Lynch: Senator Petersen, did it move the needle here at the Statehouse? This is an issue that the legislature has been grappling with basically since the last session. Did it move the needle?

Petersen: I thought it was significant that the Governor brought it up in her speech and brought it up early in her speech. Now in the Senate we're still waiting for Ambassador Kramer to get back with us on her recommendations on how we can improve the toxic climate in the Senate. So I look forward to working with Senator Dix and Senator Whitver to try and implement some policies so that our black eye that we received would dissipate.

Lynch: The legislature and other agencies here at the Capitol have hired a human resources resource person I guess you might describe her. What will she do, Speaker Upmeyer? What will her role be in the wake of this $1.75 million settlement of a lawsuit by a former employee?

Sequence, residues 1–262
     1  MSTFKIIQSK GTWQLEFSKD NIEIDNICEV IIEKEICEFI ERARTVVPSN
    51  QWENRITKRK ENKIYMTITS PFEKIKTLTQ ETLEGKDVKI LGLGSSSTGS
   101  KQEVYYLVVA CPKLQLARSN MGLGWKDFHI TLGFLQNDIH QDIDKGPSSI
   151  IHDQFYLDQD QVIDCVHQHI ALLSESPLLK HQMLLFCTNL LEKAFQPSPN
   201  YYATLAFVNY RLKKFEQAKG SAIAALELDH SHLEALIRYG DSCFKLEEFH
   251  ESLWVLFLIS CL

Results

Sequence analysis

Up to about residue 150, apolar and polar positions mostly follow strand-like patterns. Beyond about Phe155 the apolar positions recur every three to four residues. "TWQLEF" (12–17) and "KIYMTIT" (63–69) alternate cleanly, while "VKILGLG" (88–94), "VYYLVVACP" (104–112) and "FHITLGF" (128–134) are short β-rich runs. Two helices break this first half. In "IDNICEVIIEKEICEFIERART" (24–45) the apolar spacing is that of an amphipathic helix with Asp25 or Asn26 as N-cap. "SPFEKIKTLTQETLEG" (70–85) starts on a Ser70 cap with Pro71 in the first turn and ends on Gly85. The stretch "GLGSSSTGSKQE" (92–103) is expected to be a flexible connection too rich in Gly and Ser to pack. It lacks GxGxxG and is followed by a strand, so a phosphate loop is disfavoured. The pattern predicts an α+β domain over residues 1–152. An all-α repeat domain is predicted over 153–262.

Upmeyer: Well actually I was the one that made the decision that I would like to see a human resource specialist, director here at the Capitol. As you know, during the legislative session we employ between 400 and 500 people and we have them employed in sort of an unusual status. People are here for months and then they're gone. So it's a little different than most work environments. We had a retirement of a long-term employee in our payroll and insurance department, which is two people. And as we replaced that position it seemed like a good time for us to sort of up our game a little bit in the human resources area. Where it comes to how we hire people, how we might terminate people, what is it that we need to include in employee files, how are the evaluations done, when are they done, so many things that were just kind of left very open. And in my conversations it was a good time to do that and make sure we had a resource here in the Capitol for all the folks associated with the legislature.